Photo of plaintiff Naveed Shinwari taken by Lend Frison
Naveed Shinwari is a lawful permanent resident who has lived in the United States since 1998, when he was just 14 years old. He currently lives in Omaha, Nebraska with his wife and three daughters. Naveed is a plaintiff in Tanzin v. Tanvir, a federal lawsuit challenging the FBI's abuse of the No-Fly List as a tool to coerce American Muslims into spying on their religious communities.
"Words can't explain the suffering of my family, the worry and tears of my mother. The years I couldn't see my wife because I was stuck in this open prison and couldn't fly."
In February 2012, Naveed and his mother were travelling from Afghanistan back to the United States, where he was living. While in transit through Dubai, they were prevented from boarding their flight and Naveed was told that he would need to contact the U.S. consulate in Dubai before he could fly. The next day, Naveed went to the consulate and met with two FBI Special Agents who took him into an interrogation room and questioned him for more than three hours. They asked him questions about whether he had visited any training camps in Afghanistan and whether he was associated with any "bad guys," and questions about the mosque Naveed attended in the U.S. and his religious activities. They used threatening language, and at times he felt coerced to speak. At several points, the FBI asked him to take a lie detector test, but Naveed declined because he believed he was answering all of their questions truthfully. Two days later the agents said he could return to the U.S. if he bought a new plane ticket on a U.S.-based airline, which he did.
When Naveed and his mother landed in Virginia for their layover, federal agents searched his bags and belongings. Two FBI agents escorted him to a room and interrogated him for two hours. He answered all of their questions truthfully, just as he did in Dubai, but was told that he would be visited by FBI agents when he arrived home in Omaha.
"I felt like I was in shackles, imprisoned, uncertain of what would happen next."
In mid-March 2012, FBI agents appeared at Naveed's home, questioning him again about the same topics he had discussed in prior interrogations. This time, the agents told Naveed that they knew he was unemployed and that they were willing to pay him to be an informant on his own religious community. The FBI's focus on Naveed had nothing to do with any ongoing criminal investigation or activity connected to him or specific individuals in his community. Naveed declined to work as an informant because of religious and moral objections. He believed that if he became an informant he would have to engage with his peers in a deceptive manner, monitor, and entrap innocent people, and that those actions would interfere with the relationships and trust he had developed with those community members. He didn't want to put himself or his community at risk, or be associated with a government or agency that persecuted its own people.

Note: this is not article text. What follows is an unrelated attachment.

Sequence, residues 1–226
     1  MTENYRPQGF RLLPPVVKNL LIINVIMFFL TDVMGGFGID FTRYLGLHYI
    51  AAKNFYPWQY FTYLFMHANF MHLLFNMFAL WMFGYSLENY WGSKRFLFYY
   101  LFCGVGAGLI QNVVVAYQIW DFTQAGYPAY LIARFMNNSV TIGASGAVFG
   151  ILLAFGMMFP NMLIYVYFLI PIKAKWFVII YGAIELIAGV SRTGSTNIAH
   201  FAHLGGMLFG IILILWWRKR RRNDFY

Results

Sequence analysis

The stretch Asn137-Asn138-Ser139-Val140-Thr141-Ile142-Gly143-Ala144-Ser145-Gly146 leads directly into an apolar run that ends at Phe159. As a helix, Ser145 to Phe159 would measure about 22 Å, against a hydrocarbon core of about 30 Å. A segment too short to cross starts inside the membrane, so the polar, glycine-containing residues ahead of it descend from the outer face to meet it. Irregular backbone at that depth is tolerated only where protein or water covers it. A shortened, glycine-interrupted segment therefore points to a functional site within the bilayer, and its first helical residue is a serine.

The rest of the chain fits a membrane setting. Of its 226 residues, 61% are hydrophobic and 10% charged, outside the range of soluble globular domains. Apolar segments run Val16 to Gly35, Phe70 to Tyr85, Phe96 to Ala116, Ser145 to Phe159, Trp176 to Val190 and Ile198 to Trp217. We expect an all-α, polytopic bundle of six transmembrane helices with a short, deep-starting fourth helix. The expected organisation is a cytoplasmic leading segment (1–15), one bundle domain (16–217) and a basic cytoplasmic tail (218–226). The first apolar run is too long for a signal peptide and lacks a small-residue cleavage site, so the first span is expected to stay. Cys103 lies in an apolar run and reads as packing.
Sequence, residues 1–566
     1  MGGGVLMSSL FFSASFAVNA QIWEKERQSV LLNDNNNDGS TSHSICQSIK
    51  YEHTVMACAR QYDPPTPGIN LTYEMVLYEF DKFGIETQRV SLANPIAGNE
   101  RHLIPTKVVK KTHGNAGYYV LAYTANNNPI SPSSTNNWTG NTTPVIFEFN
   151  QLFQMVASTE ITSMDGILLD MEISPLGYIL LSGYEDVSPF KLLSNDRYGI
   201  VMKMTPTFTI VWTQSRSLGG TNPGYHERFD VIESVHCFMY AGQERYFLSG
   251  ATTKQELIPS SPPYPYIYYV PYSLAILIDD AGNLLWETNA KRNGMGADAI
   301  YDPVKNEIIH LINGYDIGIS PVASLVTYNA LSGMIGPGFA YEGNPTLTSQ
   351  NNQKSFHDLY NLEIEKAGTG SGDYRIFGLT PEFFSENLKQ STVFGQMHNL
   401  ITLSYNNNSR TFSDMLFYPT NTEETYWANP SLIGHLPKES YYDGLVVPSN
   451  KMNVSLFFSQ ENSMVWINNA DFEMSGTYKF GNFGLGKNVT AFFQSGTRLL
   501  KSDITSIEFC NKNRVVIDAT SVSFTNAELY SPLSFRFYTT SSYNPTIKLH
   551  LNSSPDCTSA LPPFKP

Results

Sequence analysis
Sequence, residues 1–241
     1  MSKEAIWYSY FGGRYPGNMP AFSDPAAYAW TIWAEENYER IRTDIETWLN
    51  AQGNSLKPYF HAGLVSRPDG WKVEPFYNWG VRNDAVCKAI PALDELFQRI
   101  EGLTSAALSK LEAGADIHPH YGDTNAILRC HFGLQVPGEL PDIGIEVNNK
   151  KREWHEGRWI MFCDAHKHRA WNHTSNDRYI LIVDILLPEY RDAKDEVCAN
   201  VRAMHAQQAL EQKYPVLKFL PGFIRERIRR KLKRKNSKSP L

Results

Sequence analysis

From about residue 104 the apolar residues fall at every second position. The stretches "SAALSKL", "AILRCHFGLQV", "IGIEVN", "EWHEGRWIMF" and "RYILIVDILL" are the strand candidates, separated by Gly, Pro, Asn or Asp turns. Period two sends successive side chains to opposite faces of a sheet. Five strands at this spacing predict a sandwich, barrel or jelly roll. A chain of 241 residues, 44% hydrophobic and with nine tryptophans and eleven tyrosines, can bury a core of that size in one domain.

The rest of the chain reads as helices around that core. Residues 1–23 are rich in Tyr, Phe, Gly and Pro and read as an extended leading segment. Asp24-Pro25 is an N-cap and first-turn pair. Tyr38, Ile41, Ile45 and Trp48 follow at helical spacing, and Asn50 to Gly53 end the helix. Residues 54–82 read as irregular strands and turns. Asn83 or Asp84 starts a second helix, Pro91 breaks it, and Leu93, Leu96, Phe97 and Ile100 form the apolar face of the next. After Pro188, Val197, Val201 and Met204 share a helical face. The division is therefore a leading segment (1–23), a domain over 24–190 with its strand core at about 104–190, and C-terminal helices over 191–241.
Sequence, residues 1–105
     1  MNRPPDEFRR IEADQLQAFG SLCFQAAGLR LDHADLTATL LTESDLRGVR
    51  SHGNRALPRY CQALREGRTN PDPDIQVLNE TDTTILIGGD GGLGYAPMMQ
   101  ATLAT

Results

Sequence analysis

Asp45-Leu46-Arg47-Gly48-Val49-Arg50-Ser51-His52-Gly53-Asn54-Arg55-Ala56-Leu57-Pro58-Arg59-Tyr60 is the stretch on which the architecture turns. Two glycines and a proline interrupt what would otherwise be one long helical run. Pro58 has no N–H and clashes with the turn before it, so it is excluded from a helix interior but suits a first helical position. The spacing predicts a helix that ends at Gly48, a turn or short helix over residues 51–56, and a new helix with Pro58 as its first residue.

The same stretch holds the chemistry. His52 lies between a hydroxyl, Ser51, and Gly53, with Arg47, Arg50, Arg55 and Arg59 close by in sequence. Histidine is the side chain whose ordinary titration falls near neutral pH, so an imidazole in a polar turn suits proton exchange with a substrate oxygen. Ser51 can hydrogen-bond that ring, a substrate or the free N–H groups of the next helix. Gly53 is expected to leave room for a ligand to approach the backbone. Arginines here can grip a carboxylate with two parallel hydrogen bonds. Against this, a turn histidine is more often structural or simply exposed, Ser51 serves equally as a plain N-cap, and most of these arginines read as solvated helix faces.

Shortly after this conversation, Naveed attempted to board a flight from Omaha to Orlando, where he had obtained temporary employment. He was denied a boarding pass at the airport. Police officers approached him at the ticket counter, told him he was on the No-Fly List, and then escorted him out of the airport. FBI agents showed up the next day at his house unannounced and, for the second time, asked Naveed if he would become an informant, offering him financial compensation and other assistance if he agreed to work with the FBI. Naveed declined again, knowing that refusing to do so would likely mean the FBI would keep him on the No-Fly List to pressure him.
"They would scare me psychologically. [They] mentally abused me. I went into a major depression and suffered from anxiety and panic attacks. I didn't want to go outside of the house, I couldn't keep my job, and I had to use all my credit cards to pay the mortgage and countless bills. The debt piled up."
Because of his placement on the List, Naveed couldn't take the job in Orlando. For years, he couldn't easily visit his father in Virginia, or see his wife and family in Afghanistan. He suffered serious economic and emotional distress and became reluctant to attend religious services. Due to the lack of transparency around the No-Fly List, the FBI has enormous unchecked power to abuse the List and use it as an extrajudicial tool to intimidate and coerce individuals like Naveed.
Eventually, Naveed found lawyers to represent him and joined other American Muslims in filing a federal lawsuit challenging the FBI's use of the No-Fly List to coerce them into spying on their religious communities. It was only when CUNY CLEAR, the Center for Constitutional Rights, and the law firm of Debevoise & Plimpton filed the case that the U.S. government confirmed that Naveed was no longer on the No-Fly List. Naveed and the other plaintiffs continued their lawsuit and are trying to hold government officials accountable. His case is currently before the Supreme Court.
When asked why his continued pursuit of justice is important to him, Naveed explained that he wanted to use his lawsuit as an opportunity to educate and organize against federal repression. He said: "Everyone knows how the world treats Muslims. No lawsuit has to tell them that. The government has an unlimited amount of resources at its disposal. We will resist and speak out."